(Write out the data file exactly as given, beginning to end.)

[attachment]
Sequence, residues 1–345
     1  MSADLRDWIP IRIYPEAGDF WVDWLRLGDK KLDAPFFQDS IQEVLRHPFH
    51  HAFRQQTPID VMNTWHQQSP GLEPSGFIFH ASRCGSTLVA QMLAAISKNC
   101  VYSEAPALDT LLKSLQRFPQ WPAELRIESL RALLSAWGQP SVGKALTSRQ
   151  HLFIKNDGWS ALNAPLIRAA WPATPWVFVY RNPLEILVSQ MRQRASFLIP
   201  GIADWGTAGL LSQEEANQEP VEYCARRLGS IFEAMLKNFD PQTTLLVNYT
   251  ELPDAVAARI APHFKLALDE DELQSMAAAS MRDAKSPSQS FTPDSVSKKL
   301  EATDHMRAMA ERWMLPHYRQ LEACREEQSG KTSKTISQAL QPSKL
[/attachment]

Sequence, residues 1–345
     1  MSADLRDWIP IRIYPEAGDF WVDWLRLGDK KLDAPFFQDS IQEVLRHPFH
    51  HAFRQQTPID VMNTWHQQSP GLEPSGFIFH ASRCGSTLVA QMLAAISKNC
   101  VYSEAPALDT LLKSLQRFPQ WPAELRIESL RALLSAWGQP SVGKALTSRQ
   151  HLFIKNDGWS ALNAPLIRAA WPATPWVFVY RNPLEILVSQ MRQRASFLIP
   201  GIADWGTAGL LSQEEANQEP VEYCARRLGS IFEAMLKNFD PQTTLLVNYT
   251  ELPDAVAARI APHFKLALDE DELQSMAAAS MRDAKSPSQS FTPDSVSKKL
   301  EATDHMRAMA ERWMLPHYRQ LEACREEQSG KTSKTISQAL QPSKL